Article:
The ability to run long distances and sweat—so as not to overheat, allowed our ancestors to wear out other animals. Sweating was the key factor. Consider a gazelle running over long distances and being chased by our progenitors. The fact that they can sweat and the gazelle can’t means they can last far longer in the heat of the African Savannah.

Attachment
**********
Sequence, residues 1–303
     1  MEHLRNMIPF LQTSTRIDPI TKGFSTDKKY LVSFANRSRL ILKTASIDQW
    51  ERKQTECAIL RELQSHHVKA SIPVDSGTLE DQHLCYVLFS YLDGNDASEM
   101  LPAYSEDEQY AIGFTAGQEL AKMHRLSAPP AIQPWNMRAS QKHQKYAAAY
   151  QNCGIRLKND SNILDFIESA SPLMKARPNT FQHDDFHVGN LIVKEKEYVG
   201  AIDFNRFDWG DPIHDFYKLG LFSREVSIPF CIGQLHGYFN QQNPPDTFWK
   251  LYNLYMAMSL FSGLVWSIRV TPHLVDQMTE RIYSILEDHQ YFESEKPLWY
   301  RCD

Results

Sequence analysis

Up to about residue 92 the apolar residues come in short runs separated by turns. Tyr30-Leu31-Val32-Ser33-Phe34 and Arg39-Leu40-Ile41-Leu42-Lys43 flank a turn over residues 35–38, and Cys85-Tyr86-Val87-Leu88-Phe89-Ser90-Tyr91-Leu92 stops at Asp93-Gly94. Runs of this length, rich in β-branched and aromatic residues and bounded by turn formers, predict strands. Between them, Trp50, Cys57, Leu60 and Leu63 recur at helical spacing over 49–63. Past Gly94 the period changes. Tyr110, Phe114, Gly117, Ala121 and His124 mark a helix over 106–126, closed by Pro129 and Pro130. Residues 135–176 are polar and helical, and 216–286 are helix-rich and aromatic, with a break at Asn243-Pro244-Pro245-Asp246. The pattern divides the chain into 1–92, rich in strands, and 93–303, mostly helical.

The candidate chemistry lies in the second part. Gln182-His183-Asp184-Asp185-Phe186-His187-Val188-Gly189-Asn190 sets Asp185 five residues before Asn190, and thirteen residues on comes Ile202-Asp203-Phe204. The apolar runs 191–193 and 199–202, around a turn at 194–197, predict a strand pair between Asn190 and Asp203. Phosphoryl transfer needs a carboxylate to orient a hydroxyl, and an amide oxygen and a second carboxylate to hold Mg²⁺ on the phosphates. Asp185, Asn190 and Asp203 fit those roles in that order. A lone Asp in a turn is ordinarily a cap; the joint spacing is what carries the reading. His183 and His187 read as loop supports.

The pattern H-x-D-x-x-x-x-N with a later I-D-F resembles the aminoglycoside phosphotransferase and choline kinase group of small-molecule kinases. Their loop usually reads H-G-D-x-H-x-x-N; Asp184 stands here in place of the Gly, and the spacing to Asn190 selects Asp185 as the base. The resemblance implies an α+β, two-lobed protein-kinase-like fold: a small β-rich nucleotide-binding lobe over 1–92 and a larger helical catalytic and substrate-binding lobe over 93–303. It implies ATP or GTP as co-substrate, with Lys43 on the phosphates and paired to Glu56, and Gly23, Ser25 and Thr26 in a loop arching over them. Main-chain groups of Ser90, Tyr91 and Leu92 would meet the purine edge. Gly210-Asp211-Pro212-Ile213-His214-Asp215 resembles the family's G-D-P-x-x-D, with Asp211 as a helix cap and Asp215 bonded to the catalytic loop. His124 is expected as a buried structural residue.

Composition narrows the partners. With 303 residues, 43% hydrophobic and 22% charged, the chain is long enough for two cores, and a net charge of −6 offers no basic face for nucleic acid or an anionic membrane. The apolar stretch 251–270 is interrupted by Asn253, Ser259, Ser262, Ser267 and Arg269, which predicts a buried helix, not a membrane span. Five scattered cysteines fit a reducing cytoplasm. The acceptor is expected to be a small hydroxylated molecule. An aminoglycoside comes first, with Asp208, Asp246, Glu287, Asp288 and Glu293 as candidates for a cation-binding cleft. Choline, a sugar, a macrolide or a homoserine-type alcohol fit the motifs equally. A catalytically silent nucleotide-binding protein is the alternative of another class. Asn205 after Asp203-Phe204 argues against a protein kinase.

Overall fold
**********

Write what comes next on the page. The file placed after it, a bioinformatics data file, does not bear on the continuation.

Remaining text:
Game animals like the gazelle over time become overheated and have to stop to catch their breath, allowing early hunters to make short work of them, a strategy we call today persistence hunting. After about five miles or so, a gazelle needs to stop, rest, and breathe, or risk damaging itself, even dying. Such an animal can only fully extend its diaphragm when not running, while walking upright freed our ancestors from such an issue.